“Selling the sizzle” matters more than ever. Because past the daily evidence of a rapidly changing world, we need to leave the doom and drama (which we know is ineffective in changing behaviours) to the mainstream media and politics and turn the spotlight to those who get it right (or are getting there).

Last year had some good stories, followed by recent ambitious planet positive pledges by corporate giants likeMicrosoft, Starbucks, Danone or Sky. But as the prime communicators both to brands and consumers, filmmakers and creatives are in a unique position to show the way and offer an accelerator to move at the scale and speed required.

Futerra’s guide also points out that between the Activists and the Cynics is the biggest part (apparently 80%) of humanity: who are people of goodwill but who are also entrenched in their own instinctual and flawed behaviours and lifestyles – which are arguably the biggest threat to the planet. It’s this audience that  needs a little “Nudge” in the right direction.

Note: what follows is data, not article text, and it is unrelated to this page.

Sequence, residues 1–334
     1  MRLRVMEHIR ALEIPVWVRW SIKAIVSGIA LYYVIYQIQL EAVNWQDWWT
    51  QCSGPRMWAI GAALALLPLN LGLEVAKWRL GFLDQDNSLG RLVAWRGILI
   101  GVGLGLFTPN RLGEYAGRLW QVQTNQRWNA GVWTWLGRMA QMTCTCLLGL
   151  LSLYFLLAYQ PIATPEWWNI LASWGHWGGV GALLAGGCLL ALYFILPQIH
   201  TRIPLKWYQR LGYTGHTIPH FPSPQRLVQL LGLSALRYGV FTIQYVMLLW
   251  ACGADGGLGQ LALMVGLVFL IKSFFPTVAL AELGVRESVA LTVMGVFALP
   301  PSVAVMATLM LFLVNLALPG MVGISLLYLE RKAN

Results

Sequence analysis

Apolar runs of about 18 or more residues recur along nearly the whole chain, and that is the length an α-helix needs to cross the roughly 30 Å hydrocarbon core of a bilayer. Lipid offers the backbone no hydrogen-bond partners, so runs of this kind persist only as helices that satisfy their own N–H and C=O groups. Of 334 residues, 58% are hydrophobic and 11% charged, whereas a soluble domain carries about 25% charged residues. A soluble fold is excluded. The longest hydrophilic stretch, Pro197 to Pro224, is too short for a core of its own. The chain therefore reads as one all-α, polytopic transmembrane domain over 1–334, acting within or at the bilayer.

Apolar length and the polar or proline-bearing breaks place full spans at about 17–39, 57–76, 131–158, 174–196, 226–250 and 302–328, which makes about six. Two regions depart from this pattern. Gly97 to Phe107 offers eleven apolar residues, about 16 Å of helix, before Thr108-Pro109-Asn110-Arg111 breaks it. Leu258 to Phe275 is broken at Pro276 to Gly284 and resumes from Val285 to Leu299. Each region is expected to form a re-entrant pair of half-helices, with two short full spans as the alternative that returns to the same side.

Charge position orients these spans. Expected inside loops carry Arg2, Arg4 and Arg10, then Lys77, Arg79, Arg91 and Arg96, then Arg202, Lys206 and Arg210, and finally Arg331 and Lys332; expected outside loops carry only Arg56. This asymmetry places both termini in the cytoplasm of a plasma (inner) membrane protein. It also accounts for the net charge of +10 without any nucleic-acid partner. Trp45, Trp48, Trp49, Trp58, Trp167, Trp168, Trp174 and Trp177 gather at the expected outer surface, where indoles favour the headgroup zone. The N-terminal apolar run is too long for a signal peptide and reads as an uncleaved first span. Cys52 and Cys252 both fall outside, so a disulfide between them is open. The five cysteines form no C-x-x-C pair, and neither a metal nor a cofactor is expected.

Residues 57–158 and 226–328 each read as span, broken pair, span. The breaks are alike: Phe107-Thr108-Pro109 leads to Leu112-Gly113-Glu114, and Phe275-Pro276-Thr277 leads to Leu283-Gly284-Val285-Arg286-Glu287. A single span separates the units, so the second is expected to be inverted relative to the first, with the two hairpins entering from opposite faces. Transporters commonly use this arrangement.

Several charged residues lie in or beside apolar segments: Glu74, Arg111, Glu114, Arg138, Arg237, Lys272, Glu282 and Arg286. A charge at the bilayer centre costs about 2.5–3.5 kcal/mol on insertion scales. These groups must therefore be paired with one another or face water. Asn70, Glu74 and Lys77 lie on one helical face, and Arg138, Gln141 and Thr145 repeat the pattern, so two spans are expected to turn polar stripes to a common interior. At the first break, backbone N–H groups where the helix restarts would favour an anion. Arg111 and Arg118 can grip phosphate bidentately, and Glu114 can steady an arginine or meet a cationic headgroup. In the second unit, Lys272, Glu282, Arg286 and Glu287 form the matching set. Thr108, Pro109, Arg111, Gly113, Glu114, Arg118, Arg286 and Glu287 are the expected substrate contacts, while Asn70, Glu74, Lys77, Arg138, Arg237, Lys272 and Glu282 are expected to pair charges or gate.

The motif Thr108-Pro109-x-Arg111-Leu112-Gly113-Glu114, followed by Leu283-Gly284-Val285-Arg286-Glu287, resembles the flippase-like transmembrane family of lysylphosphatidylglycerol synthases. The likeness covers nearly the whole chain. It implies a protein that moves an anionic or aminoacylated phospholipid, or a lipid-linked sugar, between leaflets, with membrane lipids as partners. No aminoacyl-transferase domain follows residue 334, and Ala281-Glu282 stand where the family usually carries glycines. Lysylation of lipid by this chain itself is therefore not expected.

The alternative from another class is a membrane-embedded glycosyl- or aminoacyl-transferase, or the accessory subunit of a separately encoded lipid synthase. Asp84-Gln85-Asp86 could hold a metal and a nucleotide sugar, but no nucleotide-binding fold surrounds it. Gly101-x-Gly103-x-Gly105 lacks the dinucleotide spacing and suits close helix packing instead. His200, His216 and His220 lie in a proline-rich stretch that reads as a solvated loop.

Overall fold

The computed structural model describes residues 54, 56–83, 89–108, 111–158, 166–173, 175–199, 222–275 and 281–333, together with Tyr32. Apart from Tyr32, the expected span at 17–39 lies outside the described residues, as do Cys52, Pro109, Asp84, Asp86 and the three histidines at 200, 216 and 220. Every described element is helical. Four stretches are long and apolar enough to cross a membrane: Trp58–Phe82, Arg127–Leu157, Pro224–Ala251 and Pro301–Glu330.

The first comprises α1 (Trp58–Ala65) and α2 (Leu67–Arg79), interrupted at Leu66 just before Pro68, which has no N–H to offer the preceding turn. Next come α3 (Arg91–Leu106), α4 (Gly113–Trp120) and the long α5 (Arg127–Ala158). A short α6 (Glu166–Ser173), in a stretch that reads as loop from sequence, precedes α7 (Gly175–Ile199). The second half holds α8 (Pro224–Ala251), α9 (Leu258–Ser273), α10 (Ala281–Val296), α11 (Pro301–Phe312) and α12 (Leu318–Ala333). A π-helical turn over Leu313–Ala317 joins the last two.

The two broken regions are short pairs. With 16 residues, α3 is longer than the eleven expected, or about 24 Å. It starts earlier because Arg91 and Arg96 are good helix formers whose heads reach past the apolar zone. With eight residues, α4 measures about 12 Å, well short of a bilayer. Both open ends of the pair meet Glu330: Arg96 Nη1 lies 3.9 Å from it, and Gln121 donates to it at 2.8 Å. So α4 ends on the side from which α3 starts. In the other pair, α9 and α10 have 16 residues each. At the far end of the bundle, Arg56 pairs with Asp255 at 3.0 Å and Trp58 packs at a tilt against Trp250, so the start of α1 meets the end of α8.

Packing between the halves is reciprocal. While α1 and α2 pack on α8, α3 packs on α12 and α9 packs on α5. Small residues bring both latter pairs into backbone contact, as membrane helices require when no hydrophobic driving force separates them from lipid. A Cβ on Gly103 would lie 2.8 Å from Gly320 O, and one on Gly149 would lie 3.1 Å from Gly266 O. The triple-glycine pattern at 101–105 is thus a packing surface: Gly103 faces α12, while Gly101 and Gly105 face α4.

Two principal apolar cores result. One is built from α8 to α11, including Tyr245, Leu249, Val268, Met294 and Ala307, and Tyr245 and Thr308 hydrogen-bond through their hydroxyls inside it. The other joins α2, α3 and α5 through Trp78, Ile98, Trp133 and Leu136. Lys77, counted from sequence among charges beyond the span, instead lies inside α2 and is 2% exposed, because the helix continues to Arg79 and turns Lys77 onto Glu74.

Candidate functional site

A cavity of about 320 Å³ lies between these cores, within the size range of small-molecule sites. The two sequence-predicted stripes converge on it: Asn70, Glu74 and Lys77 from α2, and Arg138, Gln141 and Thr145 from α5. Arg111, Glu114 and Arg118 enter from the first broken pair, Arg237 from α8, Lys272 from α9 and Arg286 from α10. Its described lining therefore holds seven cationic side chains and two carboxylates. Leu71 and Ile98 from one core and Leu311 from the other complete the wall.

From Rapha Women 2020 directed by Paola Morabito

The Showcase:

Friends of the Earth, We’ve All Been There directed by Eoin Glaister, Stink Films. Agency: Don’t Panic

Still spot on with their messages after 51 years of activism.


Volvo & Sky Atlantic, The Birdman directed by D.A.R.Y.L, Pulse Films. Agency Grey London